A turret lathe machine is a type of metalworking lathe that can perform repetitive production of duplicate parts. In addition, because of its hexagonal turret, which is an indexable tool holder, it can hold and interchange up to six tools at a time. This makes it ideal for carrying out a variety of operations quickly.
In this article, you will learn about the operation of a turret lathe, the vertical type, and explore the functionality of a turret lathe vs engine lathe and vs a capstan lathe.
Turret Lathe Operation
Turret lathes are predictably distinguished by the inclusion of a turret. The turret provides an indexable tool holder that allows multiple cutting operations to be performed. Turret lathes offer greater flexibility and speed than lathes that lack this feature.
The turret works like a common manual lathe as it features a chuck holding the workpiece. Then, all the tools for carrying out the operation are put into the corresponding holes of the turret. After that, rotating the spindle leads to the rotation of the chuck and the workpiece. Next, the turret head moves to its initial position, which is close to the rotating workpiece, via the aid of its saddle. Subsequently, the head is rotated such that the tool for the first operation is facing the workpiece, before bringing them into contact.
After each operation, the hexagonal head moves away from the workpiece to its initial position, then the operator rotates it for the next tool to face the workpiece. However, this is just for the manual turret lathe. Whereas, for the automatic type, the movement of the head to its initial position and the tool indexing occurs automatically.
Vertical Turret Lathe
A vertical turret lathe is a classification of the lathe in terms of its orientation. Moreover, it is common to refer to them as “vertical boring mills”. Unlike its horizontal counterpart, the chuck holds the workpiece in a vertical orientation, perpendicular to its rotating table. Because of this orientation, this machine has two tool posts. One is vertical, while the other is a side tool head. Typically, feeding the tool on the side head enables working on the outside diameter of the workpiece. On the other hand, the vertical tool post allows for the use of lacing and boring tools. As a result, the operation of the vertical turret is analogous to a potter’s wheel. This setup makes it ideal for handling heavy, very large, or short workpieces. For example, some machines can handle workpieces of diameters up to 10 inches, in special cases.
Turret Lathe vs Engine Lathe
An engine lathe refers to the traditional 19th or 20th-century lathe with automatic feed to the cutting tool. This is in contrast to earlier versions where the tools are hand-held or the feeding of the tools to the piece is manual. It is an improvement on the earlier lathes, but the turret is a more recent version with a few differences. The different features of the turret late vs. engine lathe are illustrated in the table below.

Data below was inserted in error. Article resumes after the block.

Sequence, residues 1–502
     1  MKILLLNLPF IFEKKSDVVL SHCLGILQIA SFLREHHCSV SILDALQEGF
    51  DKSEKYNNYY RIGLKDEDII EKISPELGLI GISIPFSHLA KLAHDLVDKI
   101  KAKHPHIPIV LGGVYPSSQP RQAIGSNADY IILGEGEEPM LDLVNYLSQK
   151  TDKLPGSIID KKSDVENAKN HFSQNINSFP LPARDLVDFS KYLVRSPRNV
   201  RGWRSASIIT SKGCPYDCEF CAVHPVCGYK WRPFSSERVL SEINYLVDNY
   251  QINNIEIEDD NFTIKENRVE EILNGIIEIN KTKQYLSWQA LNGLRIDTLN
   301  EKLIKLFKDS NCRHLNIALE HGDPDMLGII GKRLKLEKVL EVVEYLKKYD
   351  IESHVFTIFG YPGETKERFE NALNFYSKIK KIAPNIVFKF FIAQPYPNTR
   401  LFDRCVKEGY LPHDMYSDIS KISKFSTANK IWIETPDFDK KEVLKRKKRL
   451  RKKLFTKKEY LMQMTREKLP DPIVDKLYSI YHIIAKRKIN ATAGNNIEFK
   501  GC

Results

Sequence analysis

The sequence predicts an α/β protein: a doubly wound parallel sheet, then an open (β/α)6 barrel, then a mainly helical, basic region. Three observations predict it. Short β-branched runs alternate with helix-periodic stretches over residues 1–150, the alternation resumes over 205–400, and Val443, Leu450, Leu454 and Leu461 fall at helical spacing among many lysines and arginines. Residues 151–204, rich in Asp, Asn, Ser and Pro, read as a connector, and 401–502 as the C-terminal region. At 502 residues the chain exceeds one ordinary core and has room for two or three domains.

|Turret Lathe||Engine Lathe|
|It rotates in either the clockwise or anti-clockwise directions.||Typically, rotates in only the anti-clockwise direction.|
|The tool holder contains at least six tools at a time. Thus, tool changing occurs much faster.||The tailstock holds a single tool per time.|
|There is no requirement for skilled labor as most of its operations are semi or fully automatic.||There is a requirement for skilled labor. Although, some modern versions integrate Computer Numerical Control (CNC) technology that limits the need for human intervention.|
|Setting up the machine for operations requires more time. But after setting up, machining occurs at greater speed. This makes it ideal for mass production.||Setting up the machine for operations requires less time. However, because operations are manual, they are not suitable for mass production.|
|A wider range of spindle speeds is available, which enables it to use the appropriate one for a cutting tool family.||It has fewer amounts of spindle speeds to select from.|
|There is no lead screw, but by using a chaser, short threads can be cut.||The presence of a lead screw enables longer threads to be cut.|
|It is possible to machine only short length taper.||It can do any type of taper turning.|
Turret Lathe vs Capstan Lathe
The capstan lathe machine was the first invention to deploy a hexagonal turret head for mounting tools. Moreover, its introduction came as an improvement to the center and engine lathe machines. Generally, it shares a lot of similarities with the turret lathe, as they are both ideal for mass production of parts. However, they have differences which the table below highlights.
|Turret Lathe||Capstan Lathe|
|This can be a horizontal or vertical lathe machine.||Typically, this is only available in the horizontal position.|
|The mounting of the turret head is directly on the saddle, which slides over the bed ways.||The mounting of the turret head is on the ram, which is mounted on the saddle.|
|Because both the saddle and the ram move laterally, larger workpieces can be handled by this machine.||Because feed is provided solely by the ram, it is limited to working on smaller workpieces.|
|Moving the turret head in a direction lateral to its bed is possible.||Moving the turret head laterally is not possible.|
|A jaw chuck holds the workpiece in place.||A collet holds the workpiece in place.|
|Making a heavy cut in a workpiece is achievable due to the rigid construction. Although, this makes it generally slower in operation.||Making a heavy cut is not possible because of its non-rigid construction. However, this makes it faster in operations.|